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Oh, the Humanities!

With the continually rising global demand for STEM (science, technology, engineering and mathematics) talent, the value of humanities education has, at times, been called into question. The humanities, though often regarded as ‘soft’ subjects, are in fact just as important as ever in this digital age and as ‘marketable’ as any other ‘pragmatic’ disciplines.

One may wonder whether humanities graduates can thrive in a world with rapid economic, scientific and technological developments. Transferable skills such as (intercultural) communication and critical as well as creative thinking are highly sought after by employers in the modern workforce. Humanities students learn not only how to write; they learn how to read a variety of texts and look at them from different perspectives. They learn how to think critically and to question. They become sophisticated professionals who understand better the nature and cultures of human beings, and hence are able to find optimal solutions to complex problems in an increasingly multicultural workplace and amidst a fast-changing world. Together with a broad knowledge base, these are the skills that humanities programmes guide students to learn before they graduate.

The teaching quality, academic programme and curriculum design play a large part in an excellent education in humanities. PolyU Faculty of Humanities (FH) has gained worldwide recognition in several rankings in terms of its academic reputation, employer reputation and research impact. In the 2017 Quacquarelli Symonds World University Rankings, the subject of linguistics – the discipline to which a majority of FH staff members belong – is ranked 34th internationally while the area of arts and humanities is ranked among the top 20 universities in Asia* and 106th in the world.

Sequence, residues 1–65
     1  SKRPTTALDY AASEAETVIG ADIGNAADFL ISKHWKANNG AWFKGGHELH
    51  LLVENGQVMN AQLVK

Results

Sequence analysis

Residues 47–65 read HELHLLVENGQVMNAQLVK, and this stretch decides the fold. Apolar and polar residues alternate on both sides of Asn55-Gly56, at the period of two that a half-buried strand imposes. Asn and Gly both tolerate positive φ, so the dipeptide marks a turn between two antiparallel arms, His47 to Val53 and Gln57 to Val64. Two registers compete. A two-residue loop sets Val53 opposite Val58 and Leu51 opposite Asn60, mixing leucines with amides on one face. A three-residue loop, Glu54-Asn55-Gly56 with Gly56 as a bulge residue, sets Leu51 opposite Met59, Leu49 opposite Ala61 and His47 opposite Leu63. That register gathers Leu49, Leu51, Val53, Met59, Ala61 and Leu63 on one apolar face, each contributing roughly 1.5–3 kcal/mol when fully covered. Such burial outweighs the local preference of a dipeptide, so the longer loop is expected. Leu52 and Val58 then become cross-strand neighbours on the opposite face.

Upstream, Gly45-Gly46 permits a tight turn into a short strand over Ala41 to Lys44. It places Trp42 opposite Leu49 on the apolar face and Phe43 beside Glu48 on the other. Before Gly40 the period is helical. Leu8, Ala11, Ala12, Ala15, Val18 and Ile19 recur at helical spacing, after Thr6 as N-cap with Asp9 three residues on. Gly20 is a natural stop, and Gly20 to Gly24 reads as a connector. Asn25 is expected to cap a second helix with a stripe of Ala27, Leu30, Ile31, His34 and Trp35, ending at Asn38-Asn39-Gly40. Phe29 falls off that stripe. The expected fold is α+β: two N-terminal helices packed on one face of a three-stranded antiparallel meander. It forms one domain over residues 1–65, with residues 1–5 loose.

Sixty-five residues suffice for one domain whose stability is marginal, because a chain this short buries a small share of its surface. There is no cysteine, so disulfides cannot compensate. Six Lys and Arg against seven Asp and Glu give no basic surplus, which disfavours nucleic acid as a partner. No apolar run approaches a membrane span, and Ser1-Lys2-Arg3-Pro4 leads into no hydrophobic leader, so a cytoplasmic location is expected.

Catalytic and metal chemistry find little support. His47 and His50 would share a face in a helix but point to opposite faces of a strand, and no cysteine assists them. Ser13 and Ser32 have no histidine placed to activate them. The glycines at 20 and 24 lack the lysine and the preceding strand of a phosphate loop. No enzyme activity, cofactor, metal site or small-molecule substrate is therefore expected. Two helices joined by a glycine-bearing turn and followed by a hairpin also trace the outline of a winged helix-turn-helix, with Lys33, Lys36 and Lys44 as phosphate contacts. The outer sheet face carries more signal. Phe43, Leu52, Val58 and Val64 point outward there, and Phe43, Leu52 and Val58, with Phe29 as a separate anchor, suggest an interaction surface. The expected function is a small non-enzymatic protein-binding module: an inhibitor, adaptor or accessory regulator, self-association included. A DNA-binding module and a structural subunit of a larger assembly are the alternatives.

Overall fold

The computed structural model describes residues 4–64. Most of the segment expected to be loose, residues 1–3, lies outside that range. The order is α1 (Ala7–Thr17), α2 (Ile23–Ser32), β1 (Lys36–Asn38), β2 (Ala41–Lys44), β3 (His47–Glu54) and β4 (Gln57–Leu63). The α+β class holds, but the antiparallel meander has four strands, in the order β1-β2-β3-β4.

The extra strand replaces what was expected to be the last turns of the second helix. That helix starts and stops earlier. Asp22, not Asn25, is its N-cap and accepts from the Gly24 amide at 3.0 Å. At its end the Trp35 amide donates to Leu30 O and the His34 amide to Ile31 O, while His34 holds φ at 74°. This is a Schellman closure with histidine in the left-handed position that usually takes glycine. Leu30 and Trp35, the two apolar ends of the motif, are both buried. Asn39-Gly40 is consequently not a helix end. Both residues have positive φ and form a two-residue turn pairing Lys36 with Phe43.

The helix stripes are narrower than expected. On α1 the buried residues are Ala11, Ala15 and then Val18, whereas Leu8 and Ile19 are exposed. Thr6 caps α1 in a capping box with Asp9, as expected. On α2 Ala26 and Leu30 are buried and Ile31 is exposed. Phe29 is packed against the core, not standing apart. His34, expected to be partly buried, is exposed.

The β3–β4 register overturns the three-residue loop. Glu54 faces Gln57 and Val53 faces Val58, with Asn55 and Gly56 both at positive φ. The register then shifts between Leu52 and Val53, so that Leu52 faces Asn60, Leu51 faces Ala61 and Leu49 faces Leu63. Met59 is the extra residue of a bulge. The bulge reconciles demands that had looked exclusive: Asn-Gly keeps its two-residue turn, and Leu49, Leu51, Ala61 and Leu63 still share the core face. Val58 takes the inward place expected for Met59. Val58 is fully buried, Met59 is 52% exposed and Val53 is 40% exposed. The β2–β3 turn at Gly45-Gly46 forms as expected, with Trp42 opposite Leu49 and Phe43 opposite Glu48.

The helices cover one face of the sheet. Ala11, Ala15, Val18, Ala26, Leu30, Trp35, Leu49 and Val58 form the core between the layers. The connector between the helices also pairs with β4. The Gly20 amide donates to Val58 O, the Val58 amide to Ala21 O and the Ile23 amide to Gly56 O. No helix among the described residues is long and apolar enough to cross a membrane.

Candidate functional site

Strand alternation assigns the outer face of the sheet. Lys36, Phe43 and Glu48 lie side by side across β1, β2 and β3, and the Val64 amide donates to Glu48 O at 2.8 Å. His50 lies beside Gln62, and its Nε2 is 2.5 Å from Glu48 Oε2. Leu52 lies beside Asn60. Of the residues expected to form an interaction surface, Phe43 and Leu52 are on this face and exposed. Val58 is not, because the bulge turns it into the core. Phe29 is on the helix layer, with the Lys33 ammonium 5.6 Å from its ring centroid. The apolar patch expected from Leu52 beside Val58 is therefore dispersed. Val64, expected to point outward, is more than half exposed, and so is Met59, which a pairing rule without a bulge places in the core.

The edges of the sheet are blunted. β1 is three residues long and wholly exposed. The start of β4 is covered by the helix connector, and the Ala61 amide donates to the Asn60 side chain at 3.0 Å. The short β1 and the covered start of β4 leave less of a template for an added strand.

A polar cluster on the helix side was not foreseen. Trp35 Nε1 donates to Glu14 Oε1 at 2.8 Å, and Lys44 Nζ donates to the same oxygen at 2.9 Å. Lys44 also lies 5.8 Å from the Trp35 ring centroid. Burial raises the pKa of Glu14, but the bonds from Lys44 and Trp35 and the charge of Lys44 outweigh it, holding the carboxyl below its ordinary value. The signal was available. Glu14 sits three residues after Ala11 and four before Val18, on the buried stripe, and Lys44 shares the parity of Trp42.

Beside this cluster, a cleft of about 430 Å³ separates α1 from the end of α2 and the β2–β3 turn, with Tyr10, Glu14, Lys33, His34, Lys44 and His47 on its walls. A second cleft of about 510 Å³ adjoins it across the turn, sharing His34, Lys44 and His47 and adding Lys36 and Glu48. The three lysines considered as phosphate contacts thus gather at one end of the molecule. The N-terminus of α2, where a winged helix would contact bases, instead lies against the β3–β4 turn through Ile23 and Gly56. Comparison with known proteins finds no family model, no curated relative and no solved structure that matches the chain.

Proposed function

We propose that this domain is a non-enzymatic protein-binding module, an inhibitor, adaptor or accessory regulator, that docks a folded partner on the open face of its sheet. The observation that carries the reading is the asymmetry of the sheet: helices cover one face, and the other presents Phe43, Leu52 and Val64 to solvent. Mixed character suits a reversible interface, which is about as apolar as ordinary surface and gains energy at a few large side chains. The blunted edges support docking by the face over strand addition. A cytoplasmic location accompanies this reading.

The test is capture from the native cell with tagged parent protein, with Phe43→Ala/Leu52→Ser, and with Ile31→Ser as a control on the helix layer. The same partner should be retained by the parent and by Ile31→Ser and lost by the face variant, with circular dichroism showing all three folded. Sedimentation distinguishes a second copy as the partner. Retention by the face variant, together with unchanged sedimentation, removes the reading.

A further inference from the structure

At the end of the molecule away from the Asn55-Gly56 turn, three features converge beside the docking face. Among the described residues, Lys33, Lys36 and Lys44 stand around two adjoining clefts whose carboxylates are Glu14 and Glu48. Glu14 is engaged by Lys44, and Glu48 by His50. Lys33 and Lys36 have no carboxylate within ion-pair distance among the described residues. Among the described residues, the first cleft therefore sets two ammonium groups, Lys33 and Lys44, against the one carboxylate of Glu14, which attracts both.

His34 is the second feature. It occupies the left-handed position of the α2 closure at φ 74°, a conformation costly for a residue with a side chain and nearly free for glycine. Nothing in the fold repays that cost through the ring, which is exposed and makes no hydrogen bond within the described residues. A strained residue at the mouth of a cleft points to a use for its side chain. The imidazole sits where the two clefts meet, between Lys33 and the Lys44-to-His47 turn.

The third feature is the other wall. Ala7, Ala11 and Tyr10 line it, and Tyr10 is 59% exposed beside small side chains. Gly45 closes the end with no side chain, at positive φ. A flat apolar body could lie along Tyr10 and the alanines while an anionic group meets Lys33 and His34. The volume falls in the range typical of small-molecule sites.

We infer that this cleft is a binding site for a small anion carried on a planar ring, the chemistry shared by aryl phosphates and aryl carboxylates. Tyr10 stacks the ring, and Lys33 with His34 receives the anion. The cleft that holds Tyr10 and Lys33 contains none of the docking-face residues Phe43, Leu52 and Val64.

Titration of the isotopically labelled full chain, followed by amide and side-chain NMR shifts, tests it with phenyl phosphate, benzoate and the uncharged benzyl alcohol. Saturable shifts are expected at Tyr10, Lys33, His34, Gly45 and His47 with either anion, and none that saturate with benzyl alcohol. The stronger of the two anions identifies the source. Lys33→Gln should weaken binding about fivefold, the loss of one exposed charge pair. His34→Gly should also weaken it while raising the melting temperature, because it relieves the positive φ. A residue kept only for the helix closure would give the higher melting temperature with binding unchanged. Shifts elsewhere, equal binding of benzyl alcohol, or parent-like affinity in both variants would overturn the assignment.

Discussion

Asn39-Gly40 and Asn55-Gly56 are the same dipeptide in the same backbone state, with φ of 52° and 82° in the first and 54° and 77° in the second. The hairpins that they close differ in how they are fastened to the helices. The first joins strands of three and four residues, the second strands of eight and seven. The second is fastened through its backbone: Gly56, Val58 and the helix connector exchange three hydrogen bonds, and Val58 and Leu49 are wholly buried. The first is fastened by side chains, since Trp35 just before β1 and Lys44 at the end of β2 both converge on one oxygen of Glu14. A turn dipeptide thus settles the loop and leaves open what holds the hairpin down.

FH academic and teaching team consists of a good mix of nationalities and cultural backgrounds: more than 200 staff come from all over the world including Australia, Denmark, Iran, Japan, Korea, Sweden, the US and the UK to name a few. Our highly internationalised faculty members have been awarded external competitive research funding and involved in collaborative projects with international partners.

The international network of FH – with partners including Corporate Communication International, Erasmus Mundus and Eurasia-Pacific Uninet – provides our students with global exposure through exchange programmes, internships and placements. The proportion of FH students engaged in outbound exchange is among the highest across PolyU departments. Not only are our programmes globally mobile, they also comprise the right balance between breadth and depth. Students are required to take up GE (general education) subjects and WIE (Work-Integrated Education) besides the discipline-specific subjects for their major study. To open more doors for students after graduation, our programmes allow curriculum space for a minor or other free electives.

What humanities subjects teach is more important now than ever – to explore and understand the complex world and people through languages, history and culture, and to imagine and to build the future through lessons and insights drawn from the past. FH students are provided an education that encourages them to embark on a journey of transformation: to transform oneself and the world, making it a better place to live in.

*By regional filtering of Quacquarelli Symonds World University Rankings by Faculty 2017.

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